Sudan Military Council Appeals Court Ruling to Restore Internet
Sudan’s ruling Transitional Military Council (TMC) asked the high court in Sudan to reverse its decision to restore internet services in the country, only days after the court ruled to restore them.
Last Tuesday, a Khartoum court ordered telecommunication companies to restore the internet services in the country, pending a decision on the lawsuit filed by the Sudanese Consumer Protection Society (SCPS).
SCPS Secretary General Yasir Mirghani told Asharq Al-Awsat that a person named Haydar Ahmed Abdallah had, within his capacity as the president’s legal adviser, filed an appeal with the Khartoum District Court, requesting the cancellation of the decision to return the services.
The TMC had ordered MTN and Zain telecommunication companies to block internet access to customers citing security concerns after demonstrators were violently dispersed on June 3 by men in military fatigues. They stormed a weeks-long protest camp outside army headquarters in Khartoum where Sudanese had camped to demand that the generals step down.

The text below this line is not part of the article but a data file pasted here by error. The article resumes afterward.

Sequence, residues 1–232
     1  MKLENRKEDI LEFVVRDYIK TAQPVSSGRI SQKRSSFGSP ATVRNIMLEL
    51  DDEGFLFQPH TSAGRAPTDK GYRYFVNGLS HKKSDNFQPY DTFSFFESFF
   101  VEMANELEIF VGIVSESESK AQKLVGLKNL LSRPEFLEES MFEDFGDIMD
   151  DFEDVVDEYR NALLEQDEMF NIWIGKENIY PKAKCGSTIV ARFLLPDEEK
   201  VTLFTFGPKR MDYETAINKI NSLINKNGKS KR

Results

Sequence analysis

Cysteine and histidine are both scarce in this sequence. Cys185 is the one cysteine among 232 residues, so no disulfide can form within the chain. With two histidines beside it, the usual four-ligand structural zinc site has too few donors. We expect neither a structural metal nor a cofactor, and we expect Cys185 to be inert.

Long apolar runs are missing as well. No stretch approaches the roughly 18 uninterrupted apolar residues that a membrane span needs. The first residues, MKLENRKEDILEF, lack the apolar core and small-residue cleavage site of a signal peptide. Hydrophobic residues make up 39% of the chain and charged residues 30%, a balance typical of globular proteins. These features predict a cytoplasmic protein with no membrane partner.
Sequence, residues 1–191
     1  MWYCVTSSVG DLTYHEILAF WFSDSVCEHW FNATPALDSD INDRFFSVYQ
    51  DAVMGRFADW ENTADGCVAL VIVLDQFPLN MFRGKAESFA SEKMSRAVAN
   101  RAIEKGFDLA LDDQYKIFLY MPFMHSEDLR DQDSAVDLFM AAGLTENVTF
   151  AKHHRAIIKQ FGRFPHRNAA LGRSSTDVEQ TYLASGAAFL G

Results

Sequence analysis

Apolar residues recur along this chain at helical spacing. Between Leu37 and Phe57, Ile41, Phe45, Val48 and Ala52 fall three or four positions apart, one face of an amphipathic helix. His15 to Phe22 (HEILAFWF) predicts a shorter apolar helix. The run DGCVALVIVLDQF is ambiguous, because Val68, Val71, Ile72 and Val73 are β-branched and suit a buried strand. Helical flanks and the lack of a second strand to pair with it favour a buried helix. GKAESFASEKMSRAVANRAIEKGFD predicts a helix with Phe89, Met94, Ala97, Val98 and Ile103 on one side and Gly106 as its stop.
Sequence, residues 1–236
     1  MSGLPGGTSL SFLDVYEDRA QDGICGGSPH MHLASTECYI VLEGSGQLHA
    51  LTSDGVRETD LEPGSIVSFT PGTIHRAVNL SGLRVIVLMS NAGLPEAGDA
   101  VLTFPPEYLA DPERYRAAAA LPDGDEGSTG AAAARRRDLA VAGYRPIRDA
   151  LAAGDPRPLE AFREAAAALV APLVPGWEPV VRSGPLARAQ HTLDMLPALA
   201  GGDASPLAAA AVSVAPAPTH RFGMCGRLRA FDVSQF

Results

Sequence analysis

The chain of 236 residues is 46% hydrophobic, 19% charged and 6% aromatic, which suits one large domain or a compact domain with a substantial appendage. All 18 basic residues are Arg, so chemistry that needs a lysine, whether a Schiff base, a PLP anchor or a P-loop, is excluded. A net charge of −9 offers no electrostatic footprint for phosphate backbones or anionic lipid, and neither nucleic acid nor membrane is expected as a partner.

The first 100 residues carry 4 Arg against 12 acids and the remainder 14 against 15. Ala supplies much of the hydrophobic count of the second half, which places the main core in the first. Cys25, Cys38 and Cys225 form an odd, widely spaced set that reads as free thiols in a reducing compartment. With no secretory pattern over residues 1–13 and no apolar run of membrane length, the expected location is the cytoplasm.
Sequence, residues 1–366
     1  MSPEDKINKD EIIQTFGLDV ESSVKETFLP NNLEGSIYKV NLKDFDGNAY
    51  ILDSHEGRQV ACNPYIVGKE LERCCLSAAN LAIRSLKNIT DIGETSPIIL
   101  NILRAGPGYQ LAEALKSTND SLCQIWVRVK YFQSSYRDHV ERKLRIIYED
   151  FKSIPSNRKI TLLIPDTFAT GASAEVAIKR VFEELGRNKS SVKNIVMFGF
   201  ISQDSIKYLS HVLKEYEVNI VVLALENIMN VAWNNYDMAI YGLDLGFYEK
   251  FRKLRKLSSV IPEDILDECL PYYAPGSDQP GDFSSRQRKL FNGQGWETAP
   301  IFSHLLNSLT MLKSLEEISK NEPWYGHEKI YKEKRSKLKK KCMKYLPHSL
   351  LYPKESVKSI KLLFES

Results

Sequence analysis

Mirghani said that the SCPS legal adviser objected to the appeal, citing the presidential vacuum in the country, asking Abdallah for proof of his identity.
Long-time President Omar al-Bashir was toppled by the military in April.
Military council spokesman General Shamseddine Kabbashi had deemed internet services as a threat to national security in Sudan, justifying the decision to block them.
The SCPS had filed a lawsuit at the Khartoum court against telecommunications companies for cutting the services without legal grounds.
In the light of the complaint, the judge issued an order to bring the services back. Telecommunications companies were quick to respond within a few hours of the order.